Remakes Are Good for the Gaming Industry

There is a lot of controversy around older games getting reboots, remakes, and remasters. The idea is loved by some but vehemently opposed by others. Some remasters add little to the game, like The Last of Us remaster on PS4. It was a remaster released a year after the original. For instance, the Final Fantasy 7 remakes add a lot to the game. A remake is usually a good thing, in my opinion.

Older Games That Need a Remake

The Warriors hanging out in their club house. Some are leaning on the rail, others are playing pool. Some Warriors are just walking around.
Image via Rockstar Toronto

We often forget that dated graphics are hard to sit through when we give younger gamers a game and say, “try this, it’ll change your life.” While there are some games with a lot of vintage appeal, such as Mario and Pokémon, they are a rare breed. Today’s gamers expect open-world games with high graphical fidelity, responsive controls, and high frame rates. Things like that have only recently become the norm.

Despite knowing it is a masterpiece, I know The Warriors’ image above cannot compete with games today. It is often necessary for a game to be visually appealing for a gamer even to consider playing it. Obviously, I’m not saying that’s a requirement for a good game, but I realize that’s become a standard. Half-Life, The Elder Scrolls III: Morrowind, Legend of Dragoon, and Elder Scrolls III: Morrowind are all games that aren’t getting the love they deserve because they look dated.

Consider how many games have only been seen by newer gamers due to their upgrades. Crash Bandicoot and Spyro are great examples of games that never lost their charm but did benefit from a facelift.

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Remakes Are Often Safe Bets

A common fact about the movie industry is when a recession or time of hardship comes, studios would rather make sequels and reboots than invest in something new. These are safe bets that keep studios from going under. Even though indie games are experiencing a renaissance, Triple-A games are getting to the point where they are too expensive to make. Studios would make remakes if they knew you would pay top dollar for them.

Unfortunately, many people say, “it doesn’t look that bad!” when watching a trailer for a remake. Mass Effect is the perfect example of why this doesn’t matter. After the third game in 2012, the series went on hiatus. Mass Effect Andromeda put the series on hold when an entire generation of gamers had become old enough to pay attention. As a flagship title for BioWare, once regarded as an unstoppable storytelling studio, Mass Effect was once as popular as Assassin’s Creed. Nevertheless, a game that didn’t look very good and had dated controls were hard to convince a younger audience to try.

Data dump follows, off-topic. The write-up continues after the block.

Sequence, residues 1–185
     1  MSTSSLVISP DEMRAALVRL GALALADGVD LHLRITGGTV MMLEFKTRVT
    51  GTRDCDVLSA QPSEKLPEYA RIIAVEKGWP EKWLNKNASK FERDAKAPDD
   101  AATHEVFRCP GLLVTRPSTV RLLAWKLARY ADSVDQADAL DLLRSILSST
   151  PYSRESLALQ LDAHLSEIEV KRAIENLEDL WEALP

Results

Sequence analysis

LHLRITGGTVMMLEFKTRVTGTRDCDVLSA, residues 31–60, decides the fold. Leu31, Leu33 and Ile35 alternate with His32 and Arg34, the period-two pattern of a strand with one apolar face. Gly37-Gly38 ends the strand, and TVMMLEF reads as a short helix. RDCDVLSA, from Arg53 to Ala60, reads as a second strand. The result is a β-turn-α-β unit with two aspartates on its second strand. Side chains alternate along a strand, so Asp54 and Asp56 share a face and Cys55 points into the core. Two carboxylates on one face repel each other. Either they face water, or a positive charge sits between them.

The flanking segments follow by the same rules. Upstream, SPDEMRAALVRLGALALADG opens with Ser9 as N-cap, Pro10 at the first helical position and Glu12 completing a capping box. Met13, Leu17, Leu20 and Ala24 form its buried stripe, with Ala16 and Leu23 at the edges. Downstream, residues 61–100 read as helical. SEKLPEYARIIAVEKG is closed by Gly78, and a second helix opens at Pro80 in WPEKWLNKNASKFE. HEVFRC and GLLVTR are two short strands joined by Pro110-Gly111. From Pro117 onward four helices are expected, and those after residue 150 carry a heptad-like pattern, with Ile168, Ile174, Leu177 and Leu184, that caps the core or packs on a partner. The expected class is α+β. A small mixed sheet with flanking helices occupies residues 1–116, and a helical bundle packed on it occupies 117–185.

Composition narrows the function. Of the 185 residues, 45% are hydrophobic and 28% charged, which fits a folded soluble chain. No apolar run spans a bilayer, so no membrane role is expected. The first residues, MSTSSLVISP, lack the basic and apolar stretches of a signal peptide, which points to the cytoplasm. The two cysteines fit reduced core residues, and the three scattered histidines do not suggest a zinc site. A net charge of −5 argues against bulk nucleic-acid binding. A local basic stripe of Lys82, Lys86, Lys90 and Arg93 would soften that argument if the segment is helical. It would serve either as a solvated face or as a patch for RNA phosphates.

Then came Mass Effect Legendary Edition, combining all three games and adding all the DLC. It was the ultimate edition fans had been waiting for and sold far more than EA expected. As a result of the success of Mass Effect Legendary Edition, fans called for a remake of the Dragon Age Trilogy. That’s even more guaranteed money from a hungry audience.

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Remakes Can Inspire New Creators

Eric Barone, the creator of Stardew Valley, meets with Yasuhiro Wada, the creator of Harvest Moon. They are interviewed by PC Gamer.
Image via PC Gamer YouTube

You definitely have new Developers who have been inspired by Notch (Minecraft), Eric Barone (Stardew Valley), and Scott Cawthon (Five Nights At Freddy’s). Yet, those developers were inspired by Sid Meier (Civilization), Will Wright (The Sims), and Yasuhiro Wada (Harvest Moon). Many developers have created older games that have inspired the games we see today, and because of how dated the capabilities of games were at the time, it’s hard even to get into them if you don’t have nostalgia.

I am old enough to have played the original Sims, Sonic The Hedgehog, Total War, and Sim City, but it took me until my twenties to play Mario Bros., Civilization, and even The Legend of Zelda. It’s my job to write about games, and that’s why I finally played them, but what about developers who can create Stardew Valley’s equivalent of The Sims? Through a remake, younger audiences can experience what you did without upscaling issues or trudging through dated mechanics.

Due to our limited capabilities, we remember games looking much better than they actually did. Nothing could be more intuitive than the original Far Cry, and nothing could look better than Super Mario 64. Nothing could beat Crysis, but eventually, something will, and it will appear dated.

Invest in a remake so newer players can experience what you did, without the superiority complex of “I played it before it got fancy” or “It’s still good enough.” Who knows, maybe an old cult classic will return and give us even more pleasure.

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